It came to my attention recently that some of my mom friends get a babysitter in order to do their errands and grocery shopping. Since my husband has always worked long hours and often on weekends–especially when our kids were small–I’ve always braved the stores with them. As they’ve grown, here are the techniques I have used to keep them happy and engaged. While not foolproof, we’ve never had major issues at a store, so take it for what its worth!
Ages: infant-3 yrs
- Speak to them frequently (no matter how small) asking questions about what we are shopping for (this may look odd to other shoppers but always keep my tiny ones interested)
- Give them something to hold that is age and developmentally appropriate, whether a small toy/pacifier you bring with or something you have put in the cart, something unbreakable and safe like a piece of clothing or small packaged item (just make sure to keep an eye out so it doesn’t end up in their mouth)
- Keep the cart moving, even just a back and forth motion while you peruse the shelves can keep a fussy baby calm
Ages: 4-6 years
- Kids this age get bored easily and are often tired or hungry when it works best for mom to run to the store. Head off frustration by continuing the trend of keeping them involved by chatting. “What kind of apples should we get?” “Should we have chicken or shrimp tonight?” “I wonder if we should grab some milk?” These kinds of questions kept my kids interested in the shopping trip.
- Grab a treat-but make sure its exactly that! We never got in the habit of getting a cookie at every Target visit, but once or twice is fine. Ditto on a Starbucks stop, hot chocolate is a nice way to warm up, and keep kids busy, but $12-15 extra every trip was not in the budget.
- Let them hold your list and cross things off. This helps with letter recognition. If you don’t carry a paper list, let them “make one” while you shop. They can be busy “writing” while you get down to business.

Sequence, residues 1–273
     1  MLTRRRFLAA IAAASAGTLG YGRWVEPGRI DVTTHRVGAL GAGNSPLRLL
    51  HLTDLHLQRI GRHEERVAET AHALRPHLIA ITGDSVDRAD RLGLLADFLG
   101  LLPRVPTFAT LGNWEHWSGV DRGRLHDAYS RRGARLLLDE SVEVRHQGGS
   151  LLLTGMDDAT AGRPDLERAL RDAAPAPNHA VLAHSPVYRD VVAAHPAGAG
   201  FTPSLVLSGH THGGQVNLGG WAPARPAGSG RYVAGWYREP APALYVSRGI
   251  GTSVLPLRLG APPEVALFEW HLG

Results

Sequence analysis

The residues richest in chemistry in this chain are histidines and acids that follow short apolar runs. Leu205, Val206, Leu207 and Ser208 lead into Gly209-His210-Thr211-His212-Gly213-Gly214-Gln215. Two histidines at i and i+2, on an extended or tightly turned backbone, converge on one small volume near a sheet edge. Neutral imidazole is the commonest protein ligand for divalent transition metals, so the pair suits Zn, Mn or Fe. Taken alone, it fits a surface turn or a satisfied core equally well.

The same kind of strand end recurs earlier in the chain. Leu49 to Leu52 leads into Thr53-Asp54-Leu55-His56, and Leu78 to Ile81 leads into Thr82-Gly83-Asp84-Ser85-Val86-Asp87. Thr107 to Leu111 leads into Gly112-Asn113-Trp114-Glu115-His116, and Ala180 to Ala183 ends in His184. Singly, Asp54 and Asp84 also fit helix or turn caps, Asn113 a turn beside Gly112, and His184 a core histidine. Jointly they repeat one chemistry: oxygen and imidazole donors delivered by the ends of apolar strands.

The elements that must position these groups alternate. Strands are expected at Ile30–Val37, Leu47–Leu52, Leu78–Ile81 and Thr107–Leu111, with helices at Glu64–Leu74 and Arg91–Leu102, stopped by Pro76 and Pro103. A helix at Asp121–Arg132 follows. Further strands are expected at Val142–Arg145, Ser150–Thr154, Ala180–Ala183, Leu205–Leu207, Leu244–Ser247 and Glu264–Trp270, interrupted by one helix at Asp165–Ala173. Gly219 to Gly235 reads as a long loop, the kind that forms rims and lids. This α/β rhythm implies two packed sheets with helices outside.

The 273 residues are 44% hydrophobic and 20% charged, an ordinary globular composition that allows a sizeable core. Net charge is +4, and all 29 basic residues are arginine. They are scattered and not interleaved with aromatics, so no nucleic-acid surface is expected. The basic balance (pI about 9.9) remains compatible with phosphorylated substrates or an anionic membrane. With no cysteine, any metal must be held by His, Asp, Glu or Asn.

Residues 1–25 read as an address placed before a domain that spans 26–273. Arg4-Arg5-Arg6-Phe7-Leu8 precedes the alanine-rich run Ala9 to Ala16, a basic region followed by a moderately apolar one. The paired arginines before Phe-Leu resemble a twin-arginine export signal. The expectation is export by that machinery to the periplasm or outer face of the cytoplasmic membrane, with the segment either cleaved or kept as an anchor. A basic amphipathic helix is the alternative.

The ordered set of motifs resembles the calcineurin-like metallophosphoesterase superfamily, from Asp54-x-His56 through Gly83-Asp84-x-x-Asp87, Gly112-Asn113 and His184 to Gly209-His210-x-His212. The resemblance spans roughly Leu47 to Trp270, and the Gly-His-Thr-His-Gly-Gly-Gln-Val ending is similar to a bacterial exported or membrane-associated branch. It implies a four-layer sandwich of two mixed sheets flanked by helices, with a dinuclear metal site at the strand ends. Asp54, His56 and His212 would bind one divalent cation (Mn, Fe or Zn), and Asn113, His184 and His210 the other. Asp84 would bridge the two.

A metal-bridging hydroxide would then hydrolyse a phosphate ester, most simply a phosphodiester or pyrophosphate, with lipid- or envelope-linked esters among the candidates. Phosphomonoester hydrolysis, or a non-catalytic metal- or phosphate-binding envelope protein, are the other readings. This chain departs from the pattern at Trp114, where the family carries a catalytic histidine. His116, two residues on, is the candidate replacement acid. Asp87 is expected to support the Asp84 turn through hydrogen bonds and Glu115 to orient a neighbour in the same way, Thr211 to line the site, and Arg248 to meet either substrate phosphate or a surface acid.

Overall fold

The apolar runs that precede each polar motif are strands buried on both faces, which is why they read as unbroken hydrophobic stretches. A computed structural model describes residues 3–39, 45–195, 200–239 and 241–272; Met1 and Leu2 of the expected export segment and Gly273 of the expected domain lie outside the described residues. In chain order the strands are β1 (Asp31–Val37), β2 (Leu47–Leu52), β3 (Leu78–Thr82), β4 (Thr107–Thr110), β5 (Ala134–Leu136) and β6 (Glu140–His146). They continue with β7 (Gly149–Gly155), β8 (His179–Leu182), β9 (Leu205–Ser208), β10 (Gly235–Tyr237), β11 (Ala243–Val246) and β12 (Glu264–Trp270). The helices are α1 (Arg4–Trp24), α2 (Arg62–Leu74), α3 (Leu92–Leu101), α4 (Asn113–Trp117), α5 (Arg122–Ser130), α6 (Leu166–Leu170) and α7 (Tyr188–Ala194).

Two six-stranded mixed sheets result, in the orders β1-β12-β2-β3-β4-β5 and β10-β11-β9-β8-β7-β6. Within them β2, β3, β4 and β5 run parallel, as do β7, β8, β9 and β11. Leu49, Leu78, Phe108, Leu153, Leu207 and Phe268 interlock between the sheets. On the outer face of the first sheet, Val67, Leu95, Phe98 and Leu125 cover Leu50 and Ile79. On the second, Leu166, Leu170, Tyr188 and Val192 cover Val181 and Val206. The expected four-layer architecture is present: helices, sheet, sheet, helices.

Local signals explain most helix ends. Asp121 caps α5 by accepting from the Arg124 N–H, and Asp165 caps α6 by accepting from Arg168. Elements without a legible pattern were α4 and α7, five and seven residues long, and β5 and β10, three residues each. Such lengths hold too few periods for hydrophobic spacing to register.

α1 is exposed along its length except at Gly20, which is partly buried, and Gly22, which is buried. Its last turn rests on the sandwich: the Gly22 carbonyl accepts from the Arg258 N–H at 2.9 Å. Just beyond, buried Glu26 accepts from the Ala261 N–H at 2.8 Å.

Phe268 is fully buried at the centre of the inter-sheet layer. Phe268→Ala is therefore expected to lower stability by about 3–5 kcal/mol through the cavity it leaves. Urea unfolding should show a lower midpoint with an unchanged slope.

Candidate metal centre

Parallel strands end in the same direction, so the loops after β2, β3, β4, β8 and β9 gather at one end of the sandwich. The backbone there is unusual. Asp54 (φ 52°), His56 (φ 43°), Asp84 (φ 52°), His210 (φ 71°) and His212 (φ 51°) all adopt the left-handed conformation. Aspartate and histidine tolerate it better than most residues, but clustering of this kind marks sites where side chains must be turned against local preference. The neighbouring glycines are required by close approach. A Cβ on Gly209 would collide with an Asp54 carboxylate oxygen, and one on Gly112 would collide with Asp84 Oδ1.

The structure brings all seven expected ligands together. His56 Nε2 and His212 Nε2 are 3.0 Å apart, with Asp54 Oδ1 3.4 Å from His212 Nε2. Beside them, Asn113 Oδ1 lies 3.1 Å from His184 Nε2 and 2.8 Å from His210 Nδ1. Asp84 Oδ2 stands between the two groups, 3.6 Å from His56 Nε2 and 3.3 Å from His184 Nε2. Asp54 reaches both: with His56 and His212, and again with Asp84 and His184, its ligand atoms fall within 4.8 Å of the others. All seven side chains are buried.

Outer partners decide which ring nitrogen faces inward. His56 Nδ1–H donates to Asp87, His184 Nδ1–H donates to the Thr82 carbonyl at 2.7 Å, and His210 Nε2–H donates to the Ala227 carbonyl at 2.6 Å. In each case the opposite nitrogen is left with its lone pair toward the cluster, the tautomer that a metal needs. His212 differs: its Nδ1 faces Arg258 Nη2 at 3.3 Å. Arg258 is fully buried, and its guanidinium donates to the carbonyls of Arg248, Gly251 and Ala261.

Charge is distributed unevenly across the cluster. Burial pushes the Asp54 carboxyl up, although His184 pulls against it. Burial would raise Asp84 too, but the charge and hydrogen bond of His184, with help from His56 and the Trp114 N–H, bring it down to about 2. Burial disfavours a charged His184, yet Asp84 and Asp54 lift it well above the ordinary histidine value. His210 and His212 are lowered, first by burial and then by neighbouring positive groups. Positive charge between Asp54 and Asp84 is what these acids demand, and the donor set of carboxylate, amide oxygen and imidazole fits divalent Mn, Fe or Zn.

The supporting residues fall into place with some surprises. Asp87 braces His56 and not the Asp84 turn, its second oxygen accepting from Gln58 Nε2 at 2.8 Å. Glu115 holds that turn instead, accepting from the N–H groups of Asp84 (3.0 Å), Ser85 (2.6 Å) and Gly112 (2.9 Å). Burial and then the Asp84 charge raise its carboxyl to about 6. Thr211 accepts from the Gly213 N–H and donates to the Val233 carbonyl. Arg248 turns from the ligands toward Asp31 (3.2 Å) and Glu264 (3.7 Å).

- Give them choices where it counts–the produce section. I’ve always told my kids they can choose anything they want in that part of the store. As parents we want them to try new fruits and veggies, so give them some freedom here. As a result, because they’ve had a “say” in things, they don’t ask for as many things throughout the rest of the store, or if they do, they take my “no” answer a bit better because they’ve gotten their way on something else.
Ages: 7 and up
- Bigger kids have outgrown the confinement of the cart, and are now on the loose. Continue engaging them with the handwritten list or have them check the Cartwheel app or store coupon flyer for things you need.
- Work on math skills by comparing prices of things. As kids get older they can use the calculator on your phone to figure out the best deals on multi pack items like toilet paper, or price per ounce on laundry soap
- Have kids grab specific items from the shelf. Since my daughter is 12, she can go elsewhere in the store and get brands or amounts she knows we usually get. This is great if we are in a hurry and mom is tired (so, every day?)
- Discuss meals, recipes and lunch box items as it relates to what you’ve had lately, what everyone is tired of or hungry for, even great parents run out of ideas
- Send your partner! Kids should learn that even the primary cook or shopper needs help with groceries, and everyone should know how to do their own shopping. Your spouse should also know exactly what is involved in keeping the house well stocked, and the “fun” of doing it with kids
My kids have turned into great shopping buddies, and often remind me of things we need that I forgot to put on the list. Better still-they help load the cart and the car! Happy shopping!